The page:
When I decided to write a chapter in this book coming out September 14, 2015, I knew it was something that I should do, I felt that God was showing me that I needed to do this. The process took over nine weeks and I got to work with Cassandra Washington and MJ Schwader, who are two amazing people. I got to write it all out for weeks and the more I wrote, the more it helped me. I felt it was my way of releasing everything that I was keeping inside and that they would pull it out of me. When I wrote, Cassandra would always ask me to go “deeper” and I did. I trusted in the process and in their coaching and because I was a yielded vessel to it, I found it helped me tremendously. There are parts that helped me deal with what happened to my mom and parts that helped me deal with what I went through and what I am going through. The best part was when Cassandra showed us the book cover this weekend……..it was a butterfly, my moms FAVOURITE! She had butterflies everywhere and on everything and once again, I had confirmation that this is exactly what God wanted me to do and I know my mama is proud!
I know that people look at me and because I look “fine” that they would never think any different. I don’t complain a lot because that is just not who I am. If I have learned anything through this last year and a half it’s to be truly thankful and grateful for all that I have. I have learned that we will all go through trials and hard times, but when you stop and have complete faith in God and really put your trust in Him, that HE will bring you through it. I’ve learned that walking with God is and can be a very lonely road, as He calls us to be a peculiar people, to stand in His word and when you do that, you may not have tons of people close by, but the ones you do have will stand by you through everything and lift you up during your storm. I have also learned that I can get through all of this pain, this medication and this heartache…..when I lean on God and I allow Him to comfort me through His word.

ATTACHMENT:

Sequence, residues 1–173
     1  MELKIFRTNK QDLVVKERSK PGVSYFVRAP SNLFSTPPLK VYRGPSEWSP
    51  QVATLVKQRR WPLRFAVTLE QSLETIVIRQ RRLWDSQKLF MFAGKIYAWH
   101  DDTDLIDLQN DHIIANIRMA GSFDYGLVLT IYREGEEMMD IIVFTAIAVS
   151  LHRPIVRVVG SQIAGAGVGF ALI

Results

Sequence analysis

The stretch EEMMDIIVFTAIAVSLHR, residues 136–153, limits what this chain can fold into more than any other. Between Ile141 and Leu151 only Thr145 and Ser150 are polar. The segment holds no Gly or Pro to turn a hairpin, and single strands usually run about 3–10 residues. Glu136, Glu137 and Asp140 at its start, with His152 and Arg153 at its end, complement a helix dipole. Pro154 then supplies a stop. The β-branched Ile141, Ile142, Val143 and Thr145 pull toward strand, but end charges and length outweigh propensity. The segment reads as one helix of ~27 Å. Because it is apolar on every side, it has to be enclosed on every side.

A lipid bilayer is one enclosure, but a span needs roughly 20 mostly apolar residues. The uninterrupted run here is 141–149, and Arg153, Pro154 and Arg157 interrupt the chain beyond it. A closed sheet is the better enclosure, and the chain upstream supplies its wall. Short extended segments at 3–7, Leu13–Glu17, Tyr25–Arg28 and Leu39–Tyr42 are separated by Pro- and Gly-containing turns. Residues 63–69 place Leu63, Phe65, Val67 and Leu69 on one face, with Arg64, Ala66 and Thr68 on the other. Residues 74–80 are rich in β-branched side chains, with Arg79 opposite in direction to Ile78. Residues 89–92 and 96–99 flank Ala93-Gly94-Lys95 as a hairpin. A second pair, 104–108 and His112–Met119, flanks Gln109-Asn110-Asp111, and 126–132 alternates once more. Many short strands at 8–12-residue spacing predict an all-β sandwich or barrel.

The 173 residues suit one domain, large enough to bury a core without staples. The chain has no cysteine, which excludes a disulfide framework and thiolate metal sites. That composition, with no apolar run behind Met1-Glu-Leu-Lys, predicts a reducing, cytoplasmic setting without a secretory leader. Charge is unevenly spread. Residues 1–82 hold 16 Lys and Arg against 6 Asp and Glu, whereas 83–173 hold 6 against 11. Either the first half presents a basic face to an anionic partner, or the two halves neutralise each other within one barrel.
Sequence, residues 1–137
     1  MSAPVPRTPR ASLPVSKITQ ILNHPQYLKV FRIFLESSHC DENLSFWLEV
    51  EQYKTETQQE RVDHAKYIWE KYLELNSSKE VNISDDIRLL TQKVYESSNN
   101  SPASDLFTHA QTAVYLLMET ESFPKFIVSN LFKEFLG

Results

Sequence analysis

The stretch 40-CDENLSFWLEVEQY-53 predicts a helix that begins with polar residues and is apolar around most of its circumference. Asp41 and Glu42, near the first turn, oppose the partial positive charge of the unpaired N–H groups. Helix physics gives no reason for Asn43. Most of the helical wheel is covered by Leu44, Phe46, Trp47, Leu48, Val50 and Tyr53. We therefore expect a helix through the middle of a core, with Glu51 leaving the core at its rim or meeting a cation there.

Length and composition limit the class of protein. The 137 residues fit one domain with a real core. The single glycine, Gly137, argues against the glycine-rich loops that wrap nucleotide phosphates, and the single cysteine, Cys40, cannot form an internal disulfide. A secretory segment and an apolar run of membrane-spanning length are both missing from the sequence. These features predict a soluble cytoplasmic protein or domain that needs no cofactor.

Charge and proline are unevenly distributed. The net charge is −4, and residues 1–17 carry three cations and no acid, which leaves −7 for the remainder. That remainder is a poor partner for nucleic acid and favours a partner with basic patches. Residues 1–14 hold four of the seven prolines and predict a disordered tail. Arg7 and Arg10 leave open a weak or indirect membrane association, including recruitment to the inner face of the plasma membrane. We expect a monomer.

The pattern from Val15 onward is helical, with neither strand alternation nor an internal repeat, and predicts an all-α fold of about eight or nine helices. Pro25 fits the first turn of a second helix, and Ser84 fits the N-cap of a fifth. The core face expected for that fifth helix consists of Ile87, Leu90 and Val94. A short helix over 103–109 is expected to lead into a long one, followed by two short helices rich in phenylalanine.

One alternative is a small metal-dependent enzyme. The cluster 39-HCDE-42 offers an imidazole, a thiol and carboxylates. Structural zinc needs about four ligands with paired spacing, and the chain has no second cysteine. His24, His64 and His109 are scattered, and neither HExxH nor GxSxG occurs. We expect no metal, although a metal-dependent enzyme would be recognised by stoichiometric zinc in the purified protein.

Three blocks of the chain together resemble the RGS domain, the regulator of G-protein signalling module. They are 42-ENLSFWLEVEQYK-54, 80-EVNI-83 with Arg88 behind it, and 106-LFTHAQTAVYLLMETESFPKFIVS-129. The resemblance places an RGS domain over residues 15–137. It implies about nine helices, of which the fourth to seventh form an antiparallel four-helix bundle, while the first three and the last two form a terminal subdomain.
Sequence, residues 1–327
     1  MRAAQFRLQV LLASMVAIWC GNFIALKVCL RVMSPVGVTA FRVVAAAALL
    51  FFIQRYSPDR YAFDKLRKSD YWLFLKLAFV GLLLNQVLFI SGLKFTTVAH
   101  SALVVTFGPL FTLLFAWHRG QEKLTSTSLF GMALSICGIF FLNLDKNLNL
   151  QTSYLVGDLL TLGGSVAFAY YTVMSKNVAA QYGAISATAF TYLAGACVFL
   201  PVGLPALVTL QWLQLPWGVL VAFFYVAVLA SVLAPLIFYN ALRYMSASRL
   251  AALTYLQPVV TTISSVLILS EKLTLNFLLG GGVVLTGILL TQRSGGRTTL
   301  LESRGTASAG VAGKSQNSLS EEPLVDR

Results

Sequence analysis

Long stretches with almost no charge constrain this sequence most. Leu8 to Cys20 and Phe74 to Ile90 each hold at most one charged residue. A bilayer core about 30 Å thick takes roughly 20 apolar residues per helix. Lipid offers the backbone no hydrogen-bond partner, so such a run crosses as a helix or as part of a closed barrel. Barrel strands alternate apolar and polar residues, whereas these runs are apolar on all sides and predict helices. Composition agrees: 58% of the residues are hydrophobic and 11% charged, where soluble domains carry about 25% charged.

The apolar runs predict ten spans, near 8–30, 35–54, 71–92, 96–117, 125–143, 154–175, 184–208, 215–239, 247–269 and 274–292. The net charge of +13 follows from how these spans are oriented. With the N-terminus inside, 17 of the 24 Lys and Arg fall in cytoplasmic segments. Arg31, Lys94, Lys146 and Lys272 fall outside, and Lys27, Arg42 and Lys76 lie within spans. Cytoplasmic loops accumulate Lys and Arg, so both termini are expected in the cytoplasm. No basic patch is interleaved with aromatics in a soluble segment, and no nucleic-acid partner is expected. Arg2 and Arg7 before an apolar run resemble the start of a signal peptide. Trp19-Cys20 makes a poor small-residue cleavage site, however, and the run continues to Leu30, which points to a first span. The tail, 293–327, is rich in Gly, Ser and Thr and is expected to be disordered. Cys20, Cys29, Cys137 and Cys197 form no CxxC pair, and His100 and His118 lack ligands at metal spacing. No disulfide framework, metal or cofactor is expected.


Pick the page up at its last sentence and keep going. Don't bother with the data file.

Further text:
I am still learning so much everyday and I wrote this to just get it out as when I write or speak about things, they have no power over me. I don’t write for sympathy, or pity, I write to maybe help someone understand how my journey with cancer has been, as each of us are so different. As I learn to just keep trusting in God and the path He has laid out for me, I have to remember to show myself grace and to show more understanding to Aaron for all he has to endure from this past year. As much as I have gone through, he has to watch me go through all of this and I know it is hard for him. As strong as he has been through the hardest parts of my breast cancer, no one prepared either one of us for what would come after and how that may affect both of us. I know that God can strengthen us both, I just need to stop everyday, keep praying, keep trusting in God and thanking Him for all He has already done for both of us and know that all of this will be used for a greater good. That when God calls me to speak, write or help others, that I will just say YES, go boldly and do it. For if I can help just one person find light in their darkness or if I can help someone see that you can have joy in the storm, then I am walking on the right path, glorifying God.